Legislating for X: blood, sweat and tears for almost nothing

The aim of the Bill introduced in the Dáil this week by Socialist Party TD Clare Daly is to legislate for the 1992 Supreme Court judgment in Attorney General v X, which ruled that abortion is legal in Ireland when the life of the woman is at risk, including the risk of suicide.

It states that it will be legal for a medical practitioner to provide any form of medical treatment to a pregnant woman, despite its consequences for the foetus she carries, if two medical practitioners conclude that there is a real and substantial risk to the life of the woman. Where there is a threat of suicide the Bill states that one of the medical practitioners should be a consultant psychiatrist or clinical psychologist, although there is room for manoeuvre where neither of these are available. The Bill also gives women the right to seek a second opinion and to make an appeal to the Medical Council. Some provisions are also made for the right of medical practitioners to conscientious objection, although this is only permissible when the woman can be referred to another practitioner. Conscientious objection is not permissible if termination of pregnancy is immediately necessary to save the life of a woman and no other practitioner is available to carry out the procedure.

The legislation outlined above does not go beyond the recommendations of the Supreme Court, meaning, if passed, abortion in Ireland will be available only in extremely limited circumstances. The vast majority of women will be unaffected by the legislation and an average of 12 women a day will continue to travel to the UK and elsewhere seeking to terminate a pregnancy.

Back at home pro-life campaigners continue to boast about keeping Ireland abortion free, referencing an irrelevant statistic that Ireland is the “safest country in the world for a mother to have a baby” whilst wilfully ignoring the reality staring them in the face – abortion is a reality for women in Ireland, it just doesn’t happen in Ireland (neither the government nor international human rights bodies have been able to find evidence of a single lawful abortion ever carried out in this country).

For those unable to go overseas due to financial constraints or asylum status among other reasons, a crisis pregnancy presents an extremely traumatic situation, and illustrates how the current regulation of abortion disproportionately affects the most vulnerable women, such as minors, undocumented women, and women in living in poverty. The voices of these women and those who make the journey overseas are largely absent from public debate on abortion.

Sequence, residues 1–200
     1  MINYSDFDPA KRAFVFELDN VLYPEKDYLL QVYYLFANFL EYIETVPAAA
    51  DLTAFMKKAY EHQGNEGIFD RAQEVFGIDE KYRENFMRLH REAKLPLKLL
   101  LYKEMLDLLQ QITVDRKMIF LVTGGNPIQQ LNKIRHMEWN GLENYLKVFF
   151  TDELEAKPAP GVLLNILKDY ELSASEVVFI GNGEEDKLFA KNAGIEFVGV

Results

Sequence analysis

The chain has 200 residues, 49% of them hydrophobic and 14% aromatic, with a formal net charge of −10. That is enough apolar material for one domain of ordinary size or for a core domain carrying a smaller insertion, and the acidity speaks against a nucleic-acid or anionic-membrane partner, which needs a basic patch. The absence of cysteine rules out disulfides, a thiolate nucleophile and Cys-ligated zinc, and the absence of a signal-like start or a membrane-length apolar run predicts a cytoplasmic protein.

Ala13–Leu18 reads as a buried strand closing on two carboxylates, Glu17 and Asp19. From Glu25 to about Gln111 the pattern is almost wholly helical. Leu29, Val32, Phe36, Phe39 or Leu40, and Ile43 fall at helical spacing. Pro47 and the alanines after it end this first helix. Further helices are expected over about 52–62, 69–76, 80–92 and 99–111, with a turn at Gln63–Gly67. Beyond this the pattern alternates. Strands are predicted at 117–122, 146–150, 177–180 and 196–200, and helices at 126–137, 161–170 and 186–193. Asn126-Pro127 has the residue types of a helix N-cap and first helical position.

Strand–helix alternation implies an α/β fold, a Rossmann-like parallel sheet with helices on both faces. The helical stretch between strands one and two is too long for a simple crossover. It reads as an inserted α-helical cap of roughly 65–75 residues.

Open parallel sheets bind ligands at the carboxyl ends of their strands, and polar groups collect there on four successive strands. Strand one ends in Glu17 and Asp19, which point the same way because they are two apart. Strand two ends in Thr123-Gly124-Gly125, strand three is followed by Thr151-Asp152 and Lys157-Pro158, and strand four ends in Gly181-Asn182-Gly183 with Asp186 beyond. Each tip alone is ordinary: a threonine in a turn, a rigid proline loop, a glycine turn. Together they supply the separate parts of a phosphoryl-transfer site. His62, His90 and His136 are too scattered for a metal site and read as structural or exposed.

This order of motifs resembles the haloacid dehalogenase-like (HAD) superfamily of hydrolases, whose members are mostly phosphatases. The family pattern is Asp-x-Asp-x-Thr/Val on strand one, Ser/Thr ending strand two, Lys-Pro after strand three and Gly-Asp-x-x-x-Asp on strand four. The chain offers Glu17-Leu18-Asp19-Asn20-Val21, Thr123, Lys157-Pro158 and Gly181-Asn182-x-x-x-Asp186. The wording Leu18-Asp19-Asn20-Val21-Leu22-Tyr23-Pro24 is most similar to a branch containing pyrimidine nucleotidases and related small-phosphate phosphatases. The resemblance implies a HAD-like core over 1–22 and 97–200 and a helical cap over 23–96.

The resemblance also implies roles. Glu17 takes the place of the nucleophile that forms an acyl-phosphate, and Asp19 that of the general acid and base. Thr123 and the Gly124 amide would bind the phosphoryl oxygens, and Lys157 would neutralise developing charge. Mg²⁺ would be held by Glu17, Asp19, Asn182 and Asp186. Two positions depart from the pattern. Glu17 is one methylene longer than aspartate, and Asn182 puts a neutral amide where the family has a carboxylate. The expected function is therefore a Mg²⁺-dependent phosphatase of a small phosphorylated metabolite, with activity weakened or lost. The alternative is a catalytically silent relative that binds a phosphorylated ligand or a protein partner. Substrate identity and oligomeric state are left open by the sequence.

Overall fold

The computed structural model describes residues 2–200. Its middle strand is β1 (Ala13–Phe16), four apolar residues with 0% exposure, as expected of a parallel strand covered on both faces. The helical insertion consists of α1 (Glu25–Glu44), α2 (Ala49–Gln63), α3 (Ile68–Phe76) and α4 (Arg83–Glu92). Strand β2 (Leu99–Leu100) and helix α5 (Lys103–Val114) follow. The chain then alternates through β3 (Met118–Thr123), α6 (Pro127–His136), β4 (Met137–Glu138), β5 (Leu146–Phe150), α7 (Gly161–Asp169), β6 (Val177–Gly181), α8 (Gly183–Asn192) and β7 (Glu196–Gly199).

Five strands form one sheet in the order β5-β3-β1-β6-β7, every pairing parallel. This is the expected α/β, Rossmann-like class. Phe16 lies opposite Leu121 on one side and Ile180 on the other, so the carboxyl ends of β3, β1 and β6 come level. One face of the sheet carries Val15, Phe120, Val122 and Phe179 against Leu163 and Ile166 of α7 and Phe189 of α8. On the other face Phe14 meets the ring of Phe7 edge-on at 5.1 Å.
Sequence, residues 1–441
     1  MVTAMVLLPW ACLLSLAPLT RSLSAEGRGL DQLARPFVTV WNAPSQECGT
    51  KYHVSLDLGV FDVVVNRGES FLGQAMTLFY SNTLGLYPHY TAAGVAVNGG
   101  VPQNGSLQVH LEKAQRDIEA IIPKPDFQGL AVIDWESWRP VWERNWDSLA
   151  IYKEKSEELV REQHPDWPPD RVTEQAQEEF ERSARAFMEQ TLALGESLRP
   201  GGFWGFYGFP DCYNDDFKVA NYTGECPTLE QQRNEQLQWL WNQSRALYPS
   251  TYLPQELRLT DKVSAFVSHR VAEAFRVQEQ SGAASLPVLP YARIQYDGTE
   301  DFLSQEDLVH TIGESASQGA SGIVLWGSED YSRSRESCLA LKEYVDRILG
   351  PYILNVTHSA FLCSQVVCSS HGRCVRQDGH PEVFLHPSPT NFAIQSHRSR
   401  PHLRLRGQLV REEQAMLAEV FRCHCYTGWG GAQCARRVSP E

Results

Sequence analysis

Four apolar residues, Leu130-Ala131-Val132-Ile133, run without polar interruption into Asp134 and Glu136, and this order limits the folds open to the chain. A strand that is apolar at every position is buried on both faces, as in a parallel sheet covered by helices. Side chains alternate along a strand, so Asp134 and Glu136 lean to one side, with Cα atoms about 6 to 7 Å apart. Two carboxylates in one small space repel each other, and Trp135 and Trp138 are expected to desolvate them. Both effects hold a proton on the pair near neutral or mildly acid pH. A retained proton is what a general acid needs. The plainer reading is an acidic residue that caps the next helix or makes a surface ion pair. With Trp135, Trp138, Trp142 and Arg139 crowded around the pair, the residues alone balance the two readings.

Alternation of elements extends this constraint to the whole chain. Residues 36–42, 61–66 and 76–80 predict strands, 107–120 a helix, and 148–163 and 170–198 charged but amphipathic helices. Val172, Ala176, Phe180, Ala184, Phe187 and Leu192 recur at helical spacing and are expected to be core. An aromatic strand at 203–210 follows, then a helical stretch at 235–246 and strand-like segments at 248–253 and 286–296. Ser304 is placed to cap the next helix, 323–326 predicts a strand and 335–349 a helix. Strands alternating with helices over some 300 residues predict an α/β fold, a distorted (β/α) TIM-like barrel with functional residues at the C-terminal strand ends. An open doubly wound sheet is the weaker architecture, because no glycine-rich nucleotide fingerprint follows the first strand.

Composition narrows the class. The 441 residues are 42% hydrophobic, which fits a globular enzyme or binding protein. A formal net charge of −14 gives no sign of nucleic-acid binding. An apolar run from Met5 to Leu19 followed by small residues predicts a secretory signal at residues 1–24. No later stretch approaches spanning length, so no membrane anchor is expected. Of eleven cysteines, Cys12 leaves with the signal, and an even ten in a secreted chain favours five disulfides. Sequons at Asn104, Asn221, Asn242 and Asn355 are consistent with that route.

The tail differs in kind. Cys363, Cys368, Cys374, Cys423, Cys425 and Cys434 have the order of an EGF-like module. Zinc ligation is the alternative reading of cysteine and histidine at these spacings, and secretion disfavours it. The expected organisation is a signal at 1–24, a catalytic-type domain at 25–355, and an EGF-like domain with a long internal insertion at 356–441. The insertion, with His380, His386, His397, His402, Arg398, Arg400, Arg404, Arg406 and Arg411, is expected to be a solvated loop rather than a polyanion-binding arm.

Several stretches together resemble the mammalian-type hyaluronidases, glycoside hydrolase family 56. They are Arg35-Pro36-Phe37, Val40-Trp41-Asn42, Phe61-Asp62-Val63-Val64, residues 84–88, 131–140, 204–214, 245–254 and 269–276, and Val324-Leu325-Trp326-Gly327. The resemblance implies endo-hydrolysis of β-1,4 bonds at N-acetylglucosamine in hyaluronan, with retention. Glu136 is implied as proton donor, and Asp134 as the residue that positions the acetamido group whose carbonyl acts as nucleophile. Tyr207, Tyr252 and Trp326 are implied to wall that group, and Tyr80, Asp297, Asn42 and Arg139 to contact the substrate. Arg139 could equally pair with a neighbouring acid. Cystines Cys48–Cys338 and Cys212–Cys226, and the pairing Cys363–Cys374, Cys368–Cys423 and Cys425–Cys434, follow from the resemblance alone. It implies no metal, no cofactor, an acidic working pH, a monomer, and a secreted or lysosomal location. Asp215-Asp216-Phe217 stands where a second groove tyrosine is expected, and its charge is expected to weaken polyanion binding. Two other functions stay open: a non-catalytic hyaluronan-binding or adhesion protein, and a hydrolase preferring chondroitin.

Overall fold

The complete and utter failure of cowardly, self-obsessed politicians unwilling to stick their heads above the parapet has resulted in two decades of stalling and bouncing this issue from working group to committee to occasional referendum – both of which upheld the Supreme Court ruling – and then leaving reports and recommendations to gather dust.

By denying the most basic level of reproductive rights Irish governments continue to actively sabotage the health of women in Ireland. The continued export of this problem has allowed successive governments to abdicate responsibility, ignoring the financial and emotional burden placed upon women who choose to travel abroad for a termination, and disregarding the discriminatory ways in which current abortion regulation impacts upon the most vulnerable groups of women in our society – those who cannot leave the State. At the same time, funding cuts to organisations such as the Irish Family Planning Association are impairing service provision whilst growing numbers of women are finding themselves unable to afford sexual and reproductive health services.

Despite two referendums and the liberalisation of public opinion on this issue, attempts to get this legislation through the Houses of the Oireachtas are likely to be met with bitter resistance from the pro-life movement for whom abortion is the last battleground following the legalisation of contraception and divorce in the 80s and 90s.

Labour TDs and Senators need to be forced into a corner – legislating for X has long been Labour Party policy and voting down legislation you agree with purely because it has been put forward by the opposition is a perfect example of the sham that is our parliamentary democracy. It will be difficult for Labour deputies such as Anne Ferris who have long campaigned on this issue to vote against this Bill and, if their hand is forced, they should do so on the back of a clear commitment by Cabinet to introduce the government’s own legislation within a specified time period.

It is 2012. At a minimum, a woman who is suicidal as a result of an unwanted pregnancy should be able to terminate that pregnancy in this State. A rape victim, unable to afford to travel to the UK, should not have to carry – for nine months – the physical evidence of being forced to have sexual intercourse against her will. A woman with an anencephalic pregnancy should not be forced to carry to full-term a baby that stands no chance of survival. This is Ireland in the 21st century. And it’s a disgrace. {jathumbnailoff}

Image top: mag3737.